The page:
(CNN)Could constant stress be making you fat?
To find out, English researchers compared stress levels and body weight of more than 2,500 men and women over age 54 who participated in the English Longitudinal Study of Ageing.
The study, published Thursday in the journal Obesity,looked at the levels of a stress hormone called cortisol in locks of hair gathered from participants.
“We found levels of cortisol in the hair to be positively and significantly correlated to larger waist circumference and higher body mass index or BMI,” said lead author Sarah Jackson, a research associate at the Institute of Epidemiology and Health at University College London.”These results provide consistent evidence that chronic stress is associated with higher levels of obesity.”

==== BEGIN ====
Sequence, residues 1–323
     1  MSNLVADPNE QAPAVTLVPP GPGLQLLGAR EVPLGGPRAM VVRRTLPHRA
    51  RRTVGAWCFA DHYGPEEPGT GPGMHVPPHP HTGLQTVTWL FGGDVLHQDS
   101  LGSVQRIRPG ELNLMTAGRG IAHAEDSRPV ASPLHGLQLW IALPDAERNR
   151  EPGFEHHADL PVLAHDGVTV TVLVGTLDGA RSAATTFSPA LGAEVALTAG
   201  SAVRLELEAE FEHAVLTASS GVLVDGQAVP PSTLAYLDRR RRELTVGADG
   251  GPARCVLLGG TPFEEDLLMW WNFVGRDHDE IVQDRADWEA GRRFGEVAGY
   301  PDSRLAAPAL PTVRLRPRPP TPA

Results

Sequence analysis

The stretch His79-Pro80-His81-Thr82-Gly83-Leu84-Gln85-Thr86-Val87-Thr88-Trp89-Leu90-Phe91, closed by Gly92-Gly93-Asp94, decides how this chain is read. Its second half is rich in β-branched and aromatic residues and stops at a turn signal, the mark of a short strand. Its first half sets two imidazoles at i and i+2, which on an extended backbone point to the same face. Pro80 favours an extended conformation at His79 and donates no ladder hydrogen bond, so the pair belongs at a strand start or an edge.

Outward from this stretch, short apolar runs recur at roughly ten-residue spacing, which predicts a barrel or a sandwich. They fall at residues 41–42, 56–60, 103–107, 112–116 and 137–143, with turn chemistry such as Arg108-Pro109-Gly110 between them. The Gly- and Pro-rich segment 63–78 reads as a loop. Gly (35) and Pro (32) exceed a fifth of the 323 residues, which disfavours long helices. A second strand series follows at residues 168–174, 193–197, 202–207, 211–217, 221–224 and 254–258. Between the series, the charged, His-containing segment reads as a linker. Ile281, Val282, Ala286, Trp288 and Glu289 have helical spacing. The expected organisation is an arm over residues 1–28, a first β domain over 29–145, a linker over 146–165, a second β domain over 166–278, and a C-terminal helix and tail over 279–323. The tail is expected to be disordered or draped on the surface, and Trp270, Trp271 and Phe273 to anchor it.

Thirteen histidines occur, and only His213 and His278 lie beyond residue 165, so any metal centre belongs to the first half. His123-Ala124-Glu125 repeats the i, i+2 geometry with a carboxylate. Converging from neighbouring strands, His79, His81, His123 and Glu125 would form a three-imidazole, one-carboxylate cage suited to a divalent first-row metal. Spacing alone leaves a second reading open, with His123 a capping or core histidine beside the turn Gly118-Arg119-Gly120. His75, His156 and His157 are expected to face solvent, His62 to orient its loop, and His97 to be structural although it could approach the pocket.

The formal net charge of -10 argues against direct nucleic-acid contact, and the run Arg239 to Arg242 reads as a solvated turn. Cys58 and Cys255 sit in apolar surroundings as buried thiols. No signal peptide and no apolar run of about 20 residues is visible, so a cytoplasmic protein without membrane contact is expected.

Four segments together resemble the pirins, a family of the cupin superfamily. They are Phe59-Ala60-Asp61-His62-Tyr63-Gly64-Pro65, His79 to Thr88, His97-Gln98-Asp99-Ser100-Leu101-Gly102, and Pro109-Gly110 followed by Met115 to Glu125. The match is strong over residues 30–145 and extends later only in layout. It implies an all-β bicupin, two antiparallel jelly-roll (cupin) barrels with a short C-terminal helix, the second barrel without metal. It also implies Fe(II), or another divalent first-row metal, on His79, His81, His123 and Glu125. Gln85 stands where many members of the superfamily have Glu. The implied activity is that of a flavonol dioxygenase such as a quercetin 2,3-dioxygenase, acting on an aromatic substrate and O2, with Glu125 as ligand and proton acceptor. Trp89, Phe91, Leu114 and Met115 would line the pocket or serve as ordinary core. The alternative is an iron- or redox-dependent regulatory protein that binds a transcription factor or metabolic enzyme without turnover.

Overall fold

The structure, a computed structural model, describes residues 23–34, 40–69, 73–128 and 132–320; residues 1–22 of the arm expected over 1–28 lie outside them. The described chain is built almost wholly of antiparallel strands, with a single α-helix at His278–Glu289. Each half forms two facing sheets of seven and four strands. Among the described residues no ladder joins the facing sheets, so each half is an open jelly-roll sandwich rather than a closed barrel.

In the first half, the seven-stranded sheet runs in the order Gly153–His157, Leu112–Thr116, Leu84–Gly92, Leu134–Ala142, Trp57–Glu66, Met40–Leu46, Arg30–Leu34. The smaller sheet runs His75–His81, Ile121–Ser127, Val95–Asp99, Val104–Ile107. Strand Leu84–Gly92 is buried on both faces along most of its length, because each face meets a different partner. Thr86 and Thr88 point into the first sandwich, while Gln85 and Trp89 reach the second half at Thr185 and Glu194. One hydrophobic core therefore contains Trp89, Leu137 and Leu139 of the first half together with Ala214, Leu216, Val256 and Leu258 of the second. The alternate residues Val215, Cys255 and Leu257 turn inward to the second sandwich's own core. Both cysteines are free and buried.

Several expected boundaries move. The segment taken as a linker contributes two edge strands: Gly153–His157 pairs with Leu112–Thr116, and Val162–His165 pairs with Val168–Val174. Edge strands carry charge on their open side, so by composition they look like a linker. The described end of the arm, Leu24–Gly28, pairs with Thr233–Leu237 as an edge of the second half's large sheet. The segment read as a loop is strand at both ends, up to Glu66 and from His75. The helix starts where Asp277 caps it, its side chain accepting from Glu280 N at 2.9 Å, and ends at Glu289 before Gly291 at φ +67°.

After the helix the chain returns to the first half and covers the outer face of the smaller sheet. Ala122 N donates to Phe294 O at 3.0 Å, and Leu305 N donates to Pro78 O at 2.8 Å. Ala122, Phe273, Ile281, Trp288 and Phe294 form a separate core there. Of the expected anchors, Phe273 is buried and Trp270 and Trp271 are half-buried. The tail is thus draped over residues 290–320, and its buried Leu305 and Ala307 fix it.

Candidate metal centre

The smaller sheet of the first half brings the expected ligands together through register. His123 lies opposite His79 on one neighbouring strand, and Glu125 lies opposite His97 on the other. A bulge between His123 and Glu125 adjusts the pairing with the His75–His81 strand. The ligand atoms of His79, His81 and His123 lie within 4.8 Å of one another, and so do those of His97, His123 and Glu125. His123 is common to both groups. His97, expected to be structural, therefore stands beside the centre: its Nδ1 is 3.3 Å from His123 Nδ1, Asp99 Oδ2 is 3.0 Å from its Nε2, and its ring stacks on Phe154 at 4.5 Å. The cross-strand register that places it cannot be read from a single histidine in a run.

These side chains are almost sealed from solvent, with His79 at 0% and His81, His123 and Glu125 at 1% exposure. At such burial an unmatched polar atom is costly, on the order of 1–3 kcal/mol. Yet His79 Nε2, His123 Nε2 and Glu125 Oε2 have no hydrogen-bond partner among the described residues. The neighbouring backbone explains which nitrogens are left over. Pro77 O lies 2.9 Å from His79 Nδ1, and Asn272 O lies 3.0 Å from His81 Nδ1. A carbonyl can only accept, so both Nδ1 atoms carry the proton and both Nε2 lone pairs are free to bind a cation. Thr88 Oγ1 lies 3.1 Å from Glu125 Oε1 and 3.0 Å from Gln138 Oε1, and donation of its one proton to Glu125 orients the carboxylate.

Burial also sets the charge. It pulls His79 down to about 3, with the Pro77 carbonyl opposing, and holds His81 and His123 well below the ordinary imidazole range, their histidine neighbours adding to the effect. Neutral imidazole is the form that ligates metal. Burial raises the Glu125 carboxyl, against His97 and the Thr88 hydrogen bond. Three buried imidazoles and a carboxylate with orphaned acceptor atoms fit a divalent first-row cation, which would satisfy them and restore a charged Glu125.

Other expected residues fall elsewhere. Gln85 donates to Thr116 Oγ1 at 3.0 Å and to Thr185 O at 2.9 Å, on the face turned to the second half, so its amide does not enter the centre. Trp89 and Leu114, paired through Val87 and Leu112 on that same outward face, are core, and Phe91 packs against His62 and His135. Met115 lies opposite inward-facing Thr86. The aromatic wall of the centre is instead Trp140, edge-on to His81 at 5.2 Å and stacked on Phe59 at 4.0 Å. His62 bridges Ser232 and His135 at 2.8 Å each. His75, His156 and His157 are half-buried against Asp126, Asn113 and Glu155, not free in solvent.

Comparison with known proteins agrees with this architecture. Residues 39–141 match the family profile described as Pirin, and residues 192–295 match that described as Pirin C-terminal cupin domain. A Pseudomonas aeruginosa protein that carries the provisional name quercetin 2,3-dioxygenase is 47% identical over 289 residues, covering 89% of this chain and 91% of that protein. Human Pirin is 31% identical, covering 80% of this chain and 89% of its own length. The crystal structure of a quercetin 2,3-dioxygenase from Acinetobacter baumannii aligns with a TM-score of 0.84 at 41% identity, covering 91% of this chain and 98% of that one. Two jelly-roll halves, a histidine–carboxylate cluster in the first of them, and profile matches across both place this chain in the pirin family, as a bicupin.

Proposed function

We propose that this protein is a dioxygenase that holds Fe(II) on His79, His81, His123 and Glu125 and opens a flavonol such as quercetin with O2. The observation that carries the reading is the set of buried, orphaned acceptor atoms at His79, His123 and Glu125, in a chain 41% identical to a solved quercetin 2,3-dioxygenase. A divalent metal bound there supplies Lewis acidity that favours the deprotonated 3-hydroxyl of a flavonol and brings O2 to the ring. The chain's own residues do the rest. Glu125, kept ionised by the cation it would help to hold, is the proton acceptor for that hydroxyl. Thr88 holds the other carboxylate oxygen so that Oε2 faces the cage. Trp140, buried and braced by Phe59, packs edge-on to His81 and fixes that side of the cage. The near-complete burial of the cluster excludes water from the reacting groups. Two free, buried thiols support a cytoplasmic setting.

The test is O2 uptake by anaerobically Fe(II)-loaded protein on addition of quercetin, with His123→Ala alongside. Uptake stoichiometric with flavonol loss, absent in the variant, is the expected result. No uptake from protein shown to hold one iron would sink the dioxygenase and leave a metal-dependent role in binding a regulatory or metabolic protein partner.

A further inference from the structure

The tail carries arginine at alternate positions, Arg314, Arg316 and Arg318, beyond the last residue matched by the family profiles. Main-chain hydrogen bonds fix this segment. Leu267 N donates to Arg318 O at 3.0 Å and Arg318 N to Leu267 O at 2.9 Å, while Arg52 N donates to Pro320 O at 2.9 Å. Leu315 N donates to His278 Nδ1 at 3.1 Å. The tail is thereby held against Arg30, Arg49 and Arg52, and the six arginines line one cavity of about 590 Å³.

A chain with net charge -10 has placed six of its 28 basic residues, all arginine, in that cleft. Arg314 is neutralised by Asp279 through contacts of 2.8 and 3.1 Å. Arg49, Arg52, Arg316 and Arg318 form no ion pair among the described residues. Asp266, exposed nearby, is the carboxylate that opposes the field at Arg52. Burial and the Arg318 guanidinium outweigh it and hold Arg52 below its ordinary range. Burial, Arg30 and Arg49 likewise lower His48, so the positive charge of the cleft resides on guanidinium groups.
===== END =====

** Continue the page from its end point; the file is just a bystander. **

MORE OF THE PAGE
The researchers will “continue to weigh and measure our study participants every four years to determine the ways stress affects body mass over time,” Jackson said.
In the meantime, she suggests that people under chronic stress look to ways other than eating to ease their tensions, such as meditation, yoga and mindfulness.
“There’s a lot of evidence that cortisol influences appetite and even our preference for high-calorie comfort foods,” Jackson said. “So I know that’s tough. But it’s best to look for better ways to manage stress and avoid using food as a crutch.”